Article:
New Ads Highlight Role of Parental Responsibility in Reducing Underage Drinking in NC
RALEIGH, NC – The NC ABC Commission is launching the second phase of its Talk It Out campaign today with new hard-hitting ads that emphasize the role of parental responsibility in reducing underage drinking. The campaign is designed to raise awareness of the issue in North Carolina and to educate and empower parents to talk with their children about underage drinking.
The launch of the new phase of the campaign coincides with the back-to-school timeframe and encourages parents to use this pivotal time of year as a natural time to have discussions with their tweens and teens about underage drinking. The hard-hitting series of TV and radio ads drives home the message that these are not conversations parents can afford to put off.
“Talking about underage drinking with your child is not comfortable or easy, but it is necessary,” said NC ABC Commission Chairman Jim Gardner. “One of the most disturbing findings in our most recent round of research is that many parents acknowledge that underage drinking is a problem in North Carolina, but they aren’t concerned about their own children drinking underage. This is a dangerous disconnect with potentially devastating consequences for our state’s families and young people. Denying what our children are clearly telling us does not make the problem go away.”
The initial research on which the campaign was based was conducted in July 2014. Another round of statewide surveys of 500 parents of middle and high school students and 300 students in middle and high school was conducted between March 31 and April 9 of this year. The 2015 surveys show that 87 percent of parents see underage drinking as a community problem, but only 59 percent are concerned about their own children drinking underage. Gardner says the fact that the level of concern parents have about their own children drinking underage decreased from the 2014 survey (64 percent to 59 percent) underscores why this will be a significant area of focus for the second phase of the campaign.
The 2015 surveys also shows the vast majority (94 percent) of North Carolina’s youth say underage drinking is a problem, 54 percent of whom think it’s a big problem, but only 44 percent of parents think it’s a serious problem.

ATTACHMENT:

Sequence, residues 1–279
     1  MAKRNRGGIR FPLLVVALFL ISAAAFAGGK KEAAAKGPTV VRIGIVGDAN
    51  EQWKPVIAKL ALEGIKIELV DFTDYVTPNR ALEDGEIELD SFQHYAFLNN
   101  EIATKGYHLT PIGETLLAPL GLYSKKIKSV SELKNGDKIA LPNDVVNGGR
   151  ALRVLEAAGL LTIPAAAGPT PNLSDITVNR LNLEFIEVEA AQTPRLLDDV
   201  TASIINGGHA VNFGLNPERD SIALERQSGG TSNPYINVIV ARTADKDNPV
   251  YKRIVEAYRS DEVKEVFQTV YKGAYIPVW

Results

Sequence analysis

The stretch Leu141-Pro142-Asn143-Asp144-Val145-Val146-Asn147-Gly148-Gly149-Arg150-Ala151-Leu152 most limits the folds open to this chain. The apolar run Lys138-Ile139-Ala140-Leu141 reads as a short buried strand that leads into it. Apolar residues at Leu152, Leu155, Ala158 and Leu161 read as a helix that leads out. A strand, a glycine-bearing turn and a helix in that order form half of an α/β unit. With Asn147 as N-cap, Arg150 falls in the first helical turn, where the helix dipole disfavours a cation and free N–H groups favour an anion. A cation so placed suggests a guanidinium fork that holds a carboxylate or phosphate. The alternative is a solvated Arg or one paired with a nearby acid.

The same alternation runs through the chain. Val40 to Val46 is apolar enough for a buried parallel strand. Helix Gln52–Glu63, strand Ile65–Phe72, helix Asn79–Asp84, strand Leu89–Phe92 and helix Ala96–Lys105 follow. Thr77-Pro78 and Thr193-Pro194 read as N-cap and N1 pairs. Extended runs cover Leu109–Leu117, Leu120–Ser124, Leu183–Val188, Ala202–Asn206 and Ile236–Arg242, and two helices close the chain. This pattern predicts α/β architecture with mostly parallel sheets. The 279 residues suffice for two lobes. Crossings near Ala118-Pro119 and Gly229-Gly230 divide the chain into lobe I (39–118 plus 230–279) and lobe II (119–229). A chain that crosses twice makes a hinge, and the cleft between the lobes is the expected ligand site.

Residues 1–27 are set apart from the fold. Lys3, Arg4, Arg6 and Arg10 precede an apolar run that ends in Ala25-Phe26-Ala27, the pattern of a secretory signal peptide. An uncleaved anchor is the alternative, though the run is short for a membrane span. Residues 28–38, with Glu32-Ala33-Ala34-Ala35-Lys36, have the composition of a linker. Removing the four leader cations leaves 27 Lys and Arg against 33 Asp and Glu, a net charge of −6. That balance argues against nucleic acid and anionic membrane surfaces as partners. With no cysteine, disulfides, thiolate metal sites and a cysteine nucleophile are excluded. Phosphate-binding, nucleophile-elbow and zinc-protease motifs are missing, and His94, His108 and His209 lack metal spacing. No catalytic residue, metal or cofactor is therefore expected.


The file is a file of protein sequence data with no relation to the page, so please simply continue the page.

The researchers who conducted the surveys, McLaughlin & Associates, say that while students continue to view underage drinking as a bigger problem than parents, a comparison of the 2014 and 2015 surveys shows that gap is starting to shrink. The overall problem percentage hasn’t significantly increased among parents from the last survey, but the advertising has assisted in changing their perception of how serious a problem underage drinking is. The key difference is the rise in the percentage of parents who think underage drinking is a serious problem. This group increased in size by seven points (37 percent to 44 percent) between July 2014 and the spring of 2015. If parents recall one of the campaign’s TV ads, the overall problem percentage is 88 percent including 47 percent who think it’s a serious problem. Among those who haven’t seen a television ad, the percentages are 86 percent “total” problem including a 41 percent “serious” problem.
These and the rest of the survey results from this year’s research are now available on the Talk It Out website at www.TalkItOutNC.org. The website also includes conversation starters and other tips and resources for parents to start talking with their kids about underage drinking.
ABOUT THE NC ABC COMMISSION
North Carolina is one of 17 states to regulate alcohol through a control system. Since 1937, the North Carolina Alcoholic Beverage Control Commission has provided regulation and control over the sale, purchase, transportation, manufacture, consumption and possession of alcoholic beverages in the state of North Carolina. The Commission oversees permits allowing alcohol sales by more than 18,000 retail outlets across the state. http://abc.nc.gov.
Executive Director, NC Initiative to Reduce Underage Drinking NC ABC Commission